After her party’s sweeping election victory taking all seats in parliament in a repudiation of the government’s economic mismanagement, including failure to modernize sewage treatment as it leaked into tourism spots, Prime Minister Motley bowed to the inevitable with an intended IMF program and debt restructuring. Last year’s emergency fiscal plan showed meager results as ratings agencies kept the near default CCC sovereign grade, and commercial banks were forced to raise bond exposure on incremental central bank deficit financing withdrawal. Two thirds of the debt is domestic, but international bond prices almost halved following her announcement with the likelihood of a haircut coupled with thin liquidity. Analysts shifted course after originally predicting the Jamaica model would be followed and spare foreign obligations. Its bonds and stocks have languished too this year, with the latter down 5% on the MSCI frontier index. Trinidad’s component in contrast was up 10% through May on higher energy export value, although it is at risk from Venezuela’s mass exodus with Tobago just a short boat trip away. Both neighbors are at least growing unlike Barbados, where output shrank half a percent on an annual basis into the poll period. The Fund in its latest Article IV report projected 1% medium term expansion with the reported 135% of GDP gross debt, reserves at less than two months imports, and “lingering uncertainty.” The current account gap remains at 2-3% as planned hotel and oil facility privatizations are delayed. The 2017 adjustments were geared toward tax increases while state enterprise reform lagged, according to the review. Government borrowing was almost half of GDP the last fiscal year and bank minimum allocation was hiked to one-fifth of deposits in January as private sector credit was flat. Bad loans are in high single digits and profitability is minimal, but capital adequacy at 20% of assets is a shock absorber. The public wage and pension bills are crushing and job and benefit cuts are overdue and social safety nets must also be better targeted in the future, the Fund observed. Fifteen companies and funds receive most of the transfers which are almost 40% of total spending, and the national social security scheme runs large arrears and has disproportionate government bond holdings. The insurance sector is stagnating, offshore business registration should be more closely monitored, and the longstanding currency peg may be in question with evidence of overvaluation, it added.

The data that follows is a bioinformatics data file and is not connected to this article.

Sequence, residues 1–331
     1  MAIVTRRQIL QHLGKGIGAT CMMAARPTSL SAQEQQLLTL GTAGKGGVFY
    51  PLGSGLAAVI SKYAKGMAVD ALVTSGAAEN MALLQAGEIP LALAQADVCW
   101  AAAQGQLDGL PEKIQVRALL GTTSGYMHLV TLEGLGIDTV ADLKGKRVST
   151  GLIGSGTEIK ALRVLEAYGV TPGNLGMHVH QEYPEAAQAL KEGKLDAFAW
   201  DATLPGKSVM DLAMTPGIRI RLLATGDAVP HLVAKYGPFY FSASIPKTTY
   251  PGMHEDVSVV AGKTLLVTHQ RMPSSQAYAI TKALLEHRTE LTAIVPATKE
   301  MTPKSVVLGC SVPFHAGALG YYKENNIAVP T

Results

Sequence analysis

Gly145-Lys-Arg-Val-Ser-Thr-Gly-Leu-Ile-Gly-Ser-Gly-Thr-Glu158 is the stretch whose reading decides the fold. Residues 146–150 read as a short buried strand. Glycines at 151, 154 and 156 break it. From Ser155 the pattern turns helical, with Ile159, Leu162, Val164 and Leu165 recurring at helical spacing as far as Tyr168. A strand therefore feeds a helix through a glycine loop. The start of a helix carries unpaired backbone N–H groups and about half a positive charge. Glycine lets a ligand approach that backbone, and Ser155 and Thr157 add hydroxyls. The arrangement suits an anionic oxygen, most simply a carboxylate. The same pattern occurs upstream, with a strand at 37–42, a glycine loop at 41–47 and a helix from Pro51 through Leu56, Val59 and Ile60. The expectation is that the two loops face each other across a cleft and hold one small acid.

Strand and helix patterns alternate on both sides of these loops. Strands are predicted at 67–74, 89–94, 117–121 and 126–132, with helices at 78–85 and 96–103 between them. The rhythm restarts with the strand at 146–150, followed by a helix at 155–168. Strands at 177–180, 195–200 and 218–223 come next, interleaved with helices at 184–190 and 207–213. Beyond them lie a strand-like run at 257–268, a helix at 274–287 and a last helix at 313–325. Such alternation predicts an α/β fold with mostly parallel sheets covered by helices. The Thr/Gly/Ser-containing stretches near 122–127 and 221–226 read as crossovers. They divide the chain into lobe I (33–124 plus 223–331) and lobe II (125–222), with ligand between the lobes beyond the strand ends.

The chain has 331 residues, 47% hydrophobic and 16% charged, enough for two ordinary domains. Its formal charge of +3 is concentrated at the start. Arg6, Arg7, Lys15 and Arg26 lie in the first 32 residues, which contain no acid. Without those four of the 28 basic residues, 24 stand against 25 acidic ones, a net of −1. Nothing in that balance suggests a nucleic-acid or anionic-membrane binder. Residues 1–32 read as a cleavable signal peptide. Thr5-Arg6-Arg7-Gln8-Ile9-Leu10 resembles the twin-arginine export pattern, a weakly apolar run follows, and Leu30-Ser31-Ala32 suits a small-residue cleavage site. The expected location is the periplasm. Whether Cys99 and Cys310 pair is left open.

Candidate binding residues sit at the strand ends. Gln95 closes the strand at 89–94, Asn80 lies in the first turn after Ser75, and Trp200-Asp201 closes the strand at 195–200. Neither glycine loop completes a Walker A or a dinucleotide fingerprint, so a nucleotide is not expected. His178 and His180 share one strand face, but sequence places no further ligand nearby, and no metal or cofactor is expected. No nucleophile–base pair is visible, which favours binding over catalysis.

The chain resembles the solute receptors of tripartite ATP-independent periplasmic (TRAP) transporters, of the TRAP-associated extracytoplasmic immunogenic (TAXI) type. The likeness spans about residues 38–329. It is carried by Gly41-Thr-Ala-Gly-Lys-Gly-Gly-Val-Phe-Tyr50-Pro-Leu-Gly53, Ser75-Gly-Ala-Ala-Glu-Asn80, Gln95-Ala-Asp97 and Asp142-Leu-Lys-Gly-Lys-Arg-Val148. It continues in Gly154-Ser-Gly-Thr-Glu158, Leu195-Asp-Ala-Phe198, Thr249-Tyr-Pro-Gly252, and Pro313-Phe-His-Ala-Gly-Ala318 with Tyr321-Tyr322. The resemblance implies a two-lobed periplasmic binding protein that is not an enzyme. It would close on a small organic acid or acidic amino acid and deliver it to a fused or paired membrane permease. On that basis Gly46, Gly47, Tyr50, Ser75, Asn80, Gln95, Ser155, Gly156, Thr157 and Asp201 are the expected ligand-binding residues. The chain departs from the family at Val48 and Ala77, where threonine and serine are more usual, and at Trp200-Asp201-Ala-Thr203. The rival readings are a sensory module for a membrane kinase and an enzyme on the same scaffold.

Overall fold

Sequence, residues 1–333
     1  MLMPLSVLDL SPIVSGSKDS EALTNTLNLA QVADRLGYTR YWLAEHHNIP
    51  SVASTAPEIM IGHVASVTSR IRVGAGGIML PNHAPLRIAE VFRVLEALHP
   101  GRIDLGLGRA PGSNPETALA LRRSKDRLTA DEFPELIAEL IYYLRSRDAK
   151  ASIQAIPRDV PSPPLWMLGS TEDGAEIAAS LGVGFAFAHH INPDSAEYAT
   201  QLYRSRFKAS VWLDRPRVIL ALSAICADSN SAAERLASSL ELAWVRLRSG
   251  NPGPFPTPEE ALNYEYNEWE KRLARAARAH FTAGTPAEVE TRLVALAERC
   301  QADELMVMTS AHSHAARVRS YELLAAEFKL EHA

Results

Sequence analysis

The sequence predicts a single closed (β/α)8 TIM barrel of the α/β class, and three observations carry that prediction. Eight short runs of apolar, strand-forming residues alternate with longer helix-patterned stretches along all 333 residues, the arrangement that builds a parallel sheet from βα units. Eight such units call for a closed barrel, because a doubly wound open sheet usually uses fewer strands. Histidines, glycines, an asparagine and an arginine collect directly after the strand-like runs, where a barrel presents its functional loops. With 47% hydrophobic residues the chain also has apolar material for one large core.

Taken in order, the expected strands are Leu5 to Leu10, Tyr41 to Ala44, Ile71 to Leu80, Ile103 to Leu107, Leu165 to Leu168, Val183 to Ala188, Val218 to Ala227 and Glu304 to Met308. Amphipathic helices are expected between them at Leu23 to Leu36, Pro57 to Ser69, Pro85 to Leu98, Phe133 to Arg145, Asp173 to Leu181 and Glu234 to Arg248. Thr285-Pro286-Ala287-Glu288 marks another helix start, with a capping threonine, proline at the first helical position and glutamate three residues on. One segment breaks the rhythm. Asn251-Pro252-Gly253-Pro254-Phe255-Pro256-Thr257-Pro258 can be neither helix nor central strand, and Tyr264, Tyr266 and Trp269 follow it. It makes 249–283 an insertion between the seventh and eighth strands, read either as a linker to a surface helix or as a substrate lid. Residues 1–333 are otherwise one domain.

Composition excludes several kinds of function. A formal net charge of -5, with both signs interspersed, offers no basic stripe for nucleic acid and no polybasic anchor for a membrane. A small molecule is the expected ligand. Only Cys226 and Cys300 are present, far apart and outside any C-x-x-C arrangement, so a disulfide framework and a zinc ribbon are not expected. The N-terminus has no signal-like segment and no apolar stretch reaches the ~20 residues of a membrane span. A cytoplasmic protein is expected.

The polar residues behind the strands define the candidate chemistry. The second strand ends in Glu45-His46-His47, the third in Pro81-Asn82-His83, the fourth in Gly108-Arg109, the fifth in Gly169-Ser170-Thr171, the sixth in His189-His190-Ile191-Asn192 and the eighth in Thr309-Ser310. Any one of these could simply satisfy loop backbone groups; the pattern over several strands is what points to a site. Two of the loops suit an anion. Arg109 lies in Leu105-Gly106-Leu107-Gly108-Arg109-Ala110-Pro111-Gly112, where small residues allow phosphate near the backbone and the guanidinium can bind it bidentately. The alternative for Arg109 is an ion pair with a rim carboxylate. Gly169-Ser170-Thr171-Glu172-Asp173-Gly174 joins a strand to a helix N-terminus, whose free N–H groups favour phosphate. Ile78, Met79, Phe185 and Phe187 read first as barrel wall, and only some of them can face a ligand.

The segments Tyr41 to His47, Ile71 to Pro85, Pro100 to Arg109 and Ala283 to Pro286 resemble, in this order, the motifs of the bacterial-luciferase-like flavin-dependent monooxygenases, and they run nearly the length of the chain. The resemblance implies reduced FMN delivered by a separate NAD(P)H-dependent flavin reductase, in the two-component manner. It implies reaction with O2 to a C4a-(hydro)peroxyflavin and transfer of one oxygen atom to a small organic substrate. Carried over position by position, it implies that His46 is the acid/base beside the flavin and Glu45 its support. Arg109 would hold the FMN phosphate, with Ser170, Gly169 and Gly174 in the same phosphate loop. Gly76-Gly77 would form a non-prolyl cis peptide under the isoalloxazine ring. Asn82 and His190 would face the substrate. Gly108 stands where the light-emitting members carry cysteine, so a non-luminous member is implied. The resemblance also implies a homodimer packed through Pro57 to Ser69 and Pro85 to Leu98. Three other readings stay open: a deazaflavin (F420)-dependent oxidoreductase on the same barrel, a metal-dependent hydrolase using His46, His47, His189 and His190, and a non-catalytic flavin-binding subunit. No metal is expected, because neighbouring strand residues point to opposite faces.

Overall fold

The Caribbean does not feature as a preferred venture capital destination in the latest industry statistics and rankings compiled by EMPEA, which had Asia and Latin America ex-Brazil in the top 5 spots. The former took 90% of Q1 $7 billion fundraising, and disclosed transactions for the period were a record $17 billion. E-commerce deals were one-third the total, with fintech just behind as a popular play. Impact investment vehicles gathered $200 million through a half-dozen offerings, although 80% of LPs surveyed specifically weigh environment and social factors in allocation. Emerging markets represent one-tenth of global subscriptions and 15% of company activity, while private equity penetration rates remain negligible at under 0.5% of GDP across the geographic range.